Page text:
Citizens Urge Auburn Council to Move Cautiously on City Administrator Position
During the March 8 meeting, Auburn City Council heard from several members of the public about the movement to create a City Administrator position. This agenda item apparently drew about 20 meeting visitors and followed a decision made earlier in the day by the Board of Public Works to utilize more citizen involvement prior to making any decision on the matter.
Dottie Holliday distributed handouts to everyone in the council chambers Monday night pointing our her concerns with what she had seen from the comparison matrix and job description distributed earlier by an investigative team comprised of two council members and two BPW members.
Holliday said, “My endeavor to investigate the hiring of a City Administrator is my attempt to make sure the two businesses—City of Auburn and Auburn Board of Public Works—have planned sufficiently and effectively before voting to create this position. Based on my findings, I firmly believe more information and planning needs to be made before a decision should be made on this.”
Holliday pointed out the comparison matrix regarding a City Manager position when a city with a Mayor instead has a City Administrator, and a number of other issues. Among those were if the City of Auburn was contributing a reasonable amount or if the BPW was being looked upon to pay too high of a percentage of this new position’s cost, if the job listing seemed to indicate more City of Auburn responsibilities as compared to Board of Public Works responsibilities, and the qualifications section of the job description was written so many people could believe they are confident in being qualified to seek the position.
Holliday added that people don’t understand the apparent desire to rush this matter through.
Brenda Draper shared thoughts which she and her husband Larry have about the proposal. She said their reservations about hiring include the timing when the economy is far from strong at this time.
“All the mayor and council want to do is spend, spend, spend,” Draper said. “No one has apparently thought about waiting and saving money. This is an election year and there will be at least two new council members and a new mayor after this year’s elections. Maybe, the best decision would be to wait until after these new officials take over.”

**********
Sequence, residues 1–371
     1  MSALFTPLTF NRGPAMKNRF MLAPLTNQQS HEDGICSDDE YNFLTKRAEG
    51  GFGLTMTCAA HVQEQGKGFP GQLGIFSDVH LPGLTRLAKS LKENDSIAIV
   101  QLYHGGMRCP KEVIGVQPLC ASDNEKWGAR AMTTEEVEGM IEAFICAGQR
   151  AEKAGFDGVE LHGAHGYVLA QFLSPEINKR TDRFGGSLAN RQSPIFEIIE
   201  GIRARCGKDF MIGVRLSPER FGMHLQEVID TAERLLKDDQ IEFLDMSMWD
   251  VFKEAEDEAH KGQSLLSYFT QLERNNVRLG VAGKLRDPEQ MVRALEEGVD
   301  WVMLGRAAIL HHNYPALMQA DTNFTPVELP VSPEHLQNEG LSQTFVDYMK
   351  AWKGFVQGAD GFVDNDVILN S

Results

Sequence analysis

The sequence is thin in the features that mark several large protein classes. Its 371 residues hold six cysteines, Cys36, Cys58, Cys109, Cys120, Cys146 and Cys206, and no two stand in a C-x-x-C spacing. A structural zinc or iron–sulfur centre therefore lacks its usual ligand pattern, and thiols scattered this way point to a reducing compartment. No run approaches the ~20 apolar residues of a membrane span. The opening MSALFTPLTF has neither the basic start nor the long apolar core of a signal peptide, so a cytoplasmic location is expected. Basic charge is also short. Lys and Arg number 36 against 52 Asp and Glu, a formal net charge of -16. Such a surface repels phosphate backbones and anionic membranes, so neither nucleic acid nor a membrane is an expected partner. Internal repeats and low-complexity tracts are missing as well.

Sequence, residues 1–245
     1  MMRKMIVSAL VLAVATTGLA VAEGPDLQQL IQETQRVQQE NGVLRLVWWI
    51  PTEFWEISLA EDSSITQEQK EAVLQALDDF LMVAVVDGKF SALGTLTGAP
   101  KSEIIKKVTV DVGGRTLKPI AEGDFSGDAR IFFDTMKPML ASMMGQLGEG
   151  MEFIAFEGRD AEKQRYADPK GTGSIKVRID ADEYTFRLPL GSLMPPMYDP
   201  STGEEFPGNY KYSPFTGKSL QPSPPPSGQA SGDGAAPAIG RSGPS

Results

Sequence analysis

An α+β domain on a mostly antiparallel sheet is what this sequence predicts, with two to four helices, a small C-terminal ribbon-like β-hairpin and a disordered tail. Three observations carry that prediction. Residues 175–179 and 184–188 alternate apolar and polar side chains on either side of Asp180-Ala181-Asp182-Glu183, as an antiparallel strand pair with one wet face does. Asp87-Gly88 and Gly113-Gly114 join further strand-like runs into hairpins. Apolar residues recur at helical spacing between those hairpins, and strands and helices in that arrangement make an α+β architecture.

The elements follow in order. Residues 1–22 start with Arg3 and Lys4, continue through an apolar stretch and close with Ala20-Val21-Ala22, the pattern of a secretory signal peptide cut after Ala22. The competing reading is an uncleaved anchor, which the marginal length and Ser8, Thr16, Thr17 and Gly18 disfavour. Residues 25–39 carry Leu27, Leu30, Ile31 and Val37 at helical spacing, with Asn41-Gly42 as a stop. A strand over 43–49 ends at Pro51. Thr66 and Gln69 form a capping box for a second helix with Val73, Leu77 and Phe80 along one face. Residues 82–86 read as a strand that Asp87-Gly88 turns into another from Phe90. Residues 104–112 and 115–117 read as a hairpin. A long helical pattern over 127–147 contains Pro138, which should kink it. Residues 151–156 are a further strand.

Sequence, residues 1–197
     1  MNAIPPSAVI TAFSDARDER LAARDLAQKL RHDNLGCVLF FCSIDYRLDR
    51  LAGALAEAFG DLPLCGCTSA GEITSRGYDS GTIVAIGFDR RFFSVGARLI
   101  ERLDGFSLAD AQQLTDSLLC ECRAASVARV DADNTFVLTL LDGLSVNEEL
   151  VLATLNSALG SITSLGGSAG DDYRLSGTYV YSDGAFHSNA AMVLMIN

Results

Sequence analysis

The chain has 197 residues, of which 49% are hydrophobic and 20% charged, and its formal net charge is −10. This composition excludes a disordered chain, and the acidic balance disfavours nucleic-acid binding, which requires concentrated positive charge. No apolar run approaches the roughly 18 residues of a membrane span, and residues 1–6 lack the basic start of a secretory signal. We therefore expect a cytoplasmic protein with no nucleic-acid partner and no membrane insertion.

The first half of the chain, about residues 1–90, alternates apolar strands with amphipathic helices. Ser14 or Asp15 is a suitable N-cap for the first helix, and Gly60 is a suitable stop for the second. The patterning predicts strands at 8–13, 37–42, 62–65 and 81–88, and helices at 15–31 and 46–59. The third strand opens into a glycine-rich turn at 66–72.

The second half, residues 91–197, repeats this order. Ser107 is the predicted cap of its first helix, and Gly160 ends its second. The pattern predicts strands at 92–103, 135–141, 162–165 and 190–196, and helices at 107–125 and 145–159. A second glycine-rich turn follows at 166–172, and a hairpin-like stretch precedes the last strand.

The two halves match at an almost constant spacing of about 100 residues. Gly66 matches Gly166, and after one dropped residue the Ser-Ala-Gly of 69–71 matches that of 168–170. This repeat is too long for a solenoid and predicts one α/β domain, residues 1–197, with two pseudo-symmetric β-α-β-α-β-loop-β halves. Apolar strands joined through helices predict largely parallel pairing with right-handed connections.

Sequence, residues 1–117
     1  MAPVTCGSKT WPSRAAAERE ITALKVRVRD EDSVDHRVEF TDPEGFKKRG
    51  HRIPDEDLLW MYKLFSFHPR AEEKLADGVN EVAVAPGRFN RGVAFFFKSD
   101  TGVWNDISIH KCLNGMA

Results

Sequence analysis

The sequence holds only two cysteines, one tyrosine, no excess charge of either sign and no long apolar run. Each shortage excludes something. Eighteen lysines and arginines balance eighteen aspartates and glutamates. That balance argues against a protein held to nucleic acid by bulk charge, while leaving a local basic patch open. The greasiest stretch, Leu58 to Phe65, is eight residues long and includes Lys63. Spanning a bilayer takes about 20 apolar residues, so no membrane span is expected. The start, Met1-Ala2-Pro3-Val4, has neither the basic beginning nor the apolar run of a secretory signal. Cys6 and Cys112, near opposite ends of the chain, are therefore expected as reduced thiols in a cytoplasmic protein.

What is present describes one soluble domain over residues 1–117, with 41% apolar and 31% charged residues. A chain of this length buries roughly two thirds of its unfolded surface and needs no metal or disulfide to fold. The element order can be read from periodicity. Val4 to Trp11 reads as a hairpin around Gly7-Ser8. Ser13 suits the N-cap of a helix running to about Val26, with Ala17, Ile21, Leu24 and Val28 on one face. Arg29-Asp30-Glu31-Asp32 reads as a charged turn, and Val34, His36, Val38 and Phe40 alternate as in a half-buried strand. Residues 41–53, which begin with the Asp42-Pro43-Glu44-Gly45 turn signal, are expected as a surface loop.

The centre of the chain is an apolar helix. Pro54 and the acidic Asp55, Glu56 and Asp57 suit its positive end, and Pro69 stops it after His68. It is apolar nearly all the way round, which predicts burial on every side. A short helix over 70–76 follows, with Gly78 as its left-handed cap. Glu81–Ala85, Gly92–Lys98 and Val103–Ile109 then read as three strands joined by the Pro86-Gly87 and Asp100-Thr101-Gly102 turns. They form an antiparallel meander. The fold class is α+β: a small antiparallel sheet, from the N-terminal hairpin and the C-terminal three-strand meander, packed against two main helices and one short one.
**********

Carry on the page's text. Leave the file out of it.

Draper questioned if BPW General Manager Dave Hunter has time to also handle the duties listed in the job description for a City Administrator, “Then maybe we are paying him too much,” she said.
Mayor Bob Engles said he believes the City Administrator would be able to efficiently manage the City Services, Police Department and City Hall staff in addition to the other tasks associated with managing the utilities.
Council President Annie Thomas commented that she heard at the latest Nebraska League of Municipalities conference that the city should be sure to advertise for the City Administrator position.
In response to a question, Hunter said the BPW Board earlier in the day agreed to a recommendation to develop a steering committee to look into the City Administrator proposal and bring back its findings in three months.
Mary Kruger also commented on the public’s desire to not rush forward on the City Administrator proposal with a new mayor and council members to be elected. “There needs to be much more thought put into this matter,” she said.
Scott Kudrna commented that most of the communities listed in the Comparison Matrix for City Adminstrator were considerably larger than Auburn. He asked if there is a way to accomplish the work spelled out in the job description without creating a new position.
Merri Johnson commended those serving as the mayor and council members for what sometimes turns out to be thankless work. Johnson said the matter needs more study and to see that, if approved, the City Administrator position would be implemented properly.
In response to a question as to whether the City of Auburn would be contributing its fair share as per the proposed salary in the job description, Mayor Engles said he believes the city’s commitment should be closer